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Why Won't My Dog Stop Shaking His Head: Should I Worry?

Why Won't My Dog Stop Shaking His Head: Should I Worry?

Has your dog been shaking her head lately, leaving you at a loss as to why? In this post, our Rock Springs vets share what you should do if you notice your dog is shaking their head, when to go to your vet and more. 

Why do dogs shake their heads?

If your dog keeps shaking their head, this might be a perfectly normal behavior for your canine friend - if it only happens infrequently. 

Dogs may use headshaking as an effective way to expel irritants from their ears. 

When should I be concerned about my dog's head shaking?

If your dog shakes their head once or twice then stops, you likely have nothing to be concerned about. However, if your dog is shaking their head a lot, and doing it persistently and vigorously, it's time to see your vet for an exam

Common Reasons Dogs Shake Their Heads

Some of the most common reasons for head shaking in dogs can be easily treated by your veterinarian once diagnosed. That said, if left untreated, ear conditions can quickly develop into more serious problems. Common causes of head shaking include:

Yeast & Bacterial Infections in the Ear

The most common medical condition that results in excessive head shaking in dogs is ear infection. These infections frequently cause significant inflammation and discharge, which makes a dog shake her head and become itchy. Do you notice any swelling, redness, or discharge when you lift up your dog's ear flap? A possible infection exists if so. Although ear mite infestations can result in similar symptoms, they are less frequent than yeast or bacterial infections in dogs (especially in adult dogs).

Remember that infections may happen deep in a dog's ear, so even if you don't see obvious signs of one an infection may still be present. 

Water in the Ears

If you put cotton balls (or, for small breeds, half a cotton ball) in your dog's ears before swimming or taking a bath, you can easily avoid this. While giving your dog a bath, try to avoid pouring or spraying water directly on his head. Instead, give her a full bath from the neck down and wipe her face and ears with a wet washcloth.

If your dog won't tolerate having cotton balls in her ears while swimming, you might want to think about drying the ears with a solution after their swim. Based on your dog's requirements, your veterinarian might be able to suggest a secure, useful product. An ear band is another option you might think about.

Allergies Causing Itchiness in the Ear

Dogs' head shaking can also result from allergies, which are a common problem. Environmental triggers (such as dust, mold spores, pollen, storage mites, etc.) or food allergies could be affecting your dog. Itchy skin, recurrent ear and skin infections, hair loss, head shaking, ear-scratching, face-rubbing, and foot-chewing are typical signs of allergies in dogs.

Veterinarians frequently recommend a diet for your dog that contains one carbohydrate (such as potato or rice) and one protein source that the dog has never had before (such as venison or duck) or that has been hydrolyzed (broken down into small, non-allergenic pieces). For a month or two, the dog must consume nothing but this food. If symptoms greatly improve or disappear entirely, a food allergy is probably the cause.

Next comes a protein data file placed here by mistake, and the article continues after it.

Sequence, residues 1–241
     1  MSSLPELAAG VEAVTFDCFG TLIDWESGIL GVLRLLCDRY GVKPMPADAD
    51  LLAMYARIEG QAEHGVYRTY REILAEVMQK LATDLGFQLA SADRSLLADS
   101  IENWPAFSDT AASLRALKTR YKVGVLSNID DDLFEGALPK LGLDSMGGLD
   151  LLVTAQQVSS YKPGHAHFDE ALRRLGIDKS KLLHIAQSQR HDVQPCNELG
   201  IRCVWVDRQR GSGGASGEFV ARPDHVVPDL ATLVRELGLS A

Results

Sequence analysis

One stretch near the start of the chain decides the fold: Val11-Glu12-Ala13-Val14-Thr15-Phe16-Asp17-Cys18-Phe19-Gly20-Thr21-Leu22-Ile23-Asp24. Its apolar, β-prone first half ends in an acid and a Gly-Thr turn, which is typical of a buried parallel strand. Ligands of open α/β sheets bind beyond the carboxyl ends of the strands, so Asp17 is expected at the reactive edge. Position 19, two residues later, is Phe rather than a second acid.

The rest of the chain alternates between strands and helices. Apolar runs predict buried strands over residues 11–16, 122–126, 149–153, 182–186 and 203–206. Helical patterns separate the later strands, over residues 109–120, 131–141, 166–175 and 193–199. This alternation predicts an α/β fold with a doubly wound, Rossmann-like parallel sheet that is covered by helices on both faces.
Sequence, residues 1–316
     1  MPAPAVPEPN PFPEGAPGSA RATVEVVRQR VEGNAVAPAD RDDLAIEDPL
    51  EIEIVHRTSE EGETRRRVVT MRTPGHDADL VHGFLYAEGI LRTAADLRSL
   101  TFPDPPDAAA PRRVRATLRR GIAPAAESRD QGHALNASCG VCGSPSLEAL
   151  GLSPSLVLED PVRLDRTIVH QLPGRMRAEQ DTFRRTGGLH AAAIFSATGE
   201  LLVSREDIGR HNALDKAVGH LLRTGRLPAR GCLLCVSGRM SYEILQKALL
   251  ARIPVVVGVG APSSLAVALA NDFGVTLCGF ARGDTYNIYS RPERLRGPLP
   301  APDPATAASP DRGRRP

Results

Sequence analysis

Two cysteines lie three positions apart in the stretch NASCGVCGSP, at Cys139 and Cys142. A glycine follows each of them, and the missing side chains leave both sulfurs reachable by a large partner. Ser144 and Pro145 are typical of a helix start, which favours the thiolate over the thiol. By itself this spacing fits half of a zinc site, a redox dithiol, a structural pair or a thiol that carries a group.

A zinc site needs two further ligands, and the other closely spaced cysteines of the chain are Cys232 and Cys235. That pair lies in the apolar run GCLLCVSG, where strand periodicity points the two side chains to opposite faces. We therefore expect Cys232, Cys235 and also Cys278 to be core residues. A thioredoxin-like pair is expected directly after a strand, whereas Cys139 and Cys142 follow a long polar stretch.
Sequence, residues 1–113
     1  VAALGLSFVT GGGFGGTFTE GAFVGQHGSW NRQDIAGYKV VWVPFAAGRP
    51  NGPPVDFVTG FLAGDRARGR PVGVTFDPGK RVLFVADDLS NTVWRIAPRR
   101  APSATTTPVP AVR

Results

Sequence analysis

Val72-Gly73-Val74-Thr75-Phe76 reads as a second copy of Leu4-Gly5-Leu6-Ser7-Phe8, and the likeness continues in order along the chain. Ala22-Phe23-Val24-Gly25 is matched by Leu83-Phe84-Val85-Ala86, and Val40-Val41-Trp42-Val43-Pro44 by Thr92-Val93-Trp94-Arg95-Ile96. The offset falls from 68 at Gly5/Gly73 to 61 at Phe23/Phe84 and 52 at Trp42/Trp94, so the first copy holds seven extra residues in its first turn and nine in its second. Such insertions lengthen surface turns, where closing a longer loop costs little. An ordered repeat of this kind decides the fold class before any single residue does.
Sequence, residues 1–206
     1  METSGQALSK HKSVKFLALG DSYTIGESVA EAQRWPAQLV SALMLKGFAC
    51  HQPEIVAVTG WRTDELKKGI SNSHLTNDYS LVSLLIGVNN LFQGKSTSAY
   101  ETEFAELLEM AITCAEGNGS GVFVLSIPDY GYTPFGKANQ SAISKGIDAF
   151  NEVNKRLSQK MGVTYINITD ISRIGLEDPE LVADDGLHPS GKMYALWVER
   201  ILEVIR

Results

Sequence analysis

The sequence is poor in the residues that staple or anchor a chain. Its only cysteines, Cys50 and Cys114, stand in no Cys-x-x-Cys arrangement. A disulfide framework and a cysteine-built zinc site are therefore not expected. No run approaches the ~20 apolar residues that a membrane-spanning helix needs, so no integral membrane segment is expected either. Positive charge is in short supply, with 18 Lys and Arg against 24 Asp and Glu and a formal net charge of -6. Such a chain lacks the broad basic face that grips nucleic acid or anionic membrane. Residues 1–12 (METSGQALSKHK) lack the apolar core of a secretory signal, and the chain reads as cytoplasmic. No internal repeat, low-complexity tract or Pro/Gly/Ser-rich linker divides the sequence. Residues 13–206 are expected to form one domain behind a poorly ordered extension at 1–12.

Serious Conditions Associated with Head Shaking

Other health conditions that may cause dogs to shake their heads excessively include inflammatory diseases, foreign objects that get lodged in the ear canal or neurologic disorders that lead to head tremors (sometimes easily confused with head shaking). 

If your dog has recurrent ear infections, the underlying cause needs to be diagnosed by your veterinarian. The cause may be anatomical abnormalities, hypothyroidism, allergies or something else. 

Diagnosing and treating the cause of a dog's head shaking is critical to their long-term health because it can indicate a serious problem. It's also important because excessive or continuous head shaking can cause blood vessels within a dog's ear flap to rupture. Aural hematomas caused by this frequently necessitate surgery to correct, which is why we should be preventing excessive head shaking rather than just treating it when it occurs.

What to Do if Your Dog is Shaking Their Head

Head shaking can be caused by or lead to minor or severe health issues in dogs. 

It's key for your vet to diagnose the specific cause of your dog's head shaking early so the issue can be treated before it becomes a more serious problem.

Note: The advice provided in this post is intended for informational purposes and does not constitute medical advice regarding pets. For an accurate diagnosis of your pet's condition, please make an appointment with your vet.

Are you concerned about your dog's head shaking? Please do not hesitate to contact our vets in Rock Springs right away during our daytime hours.

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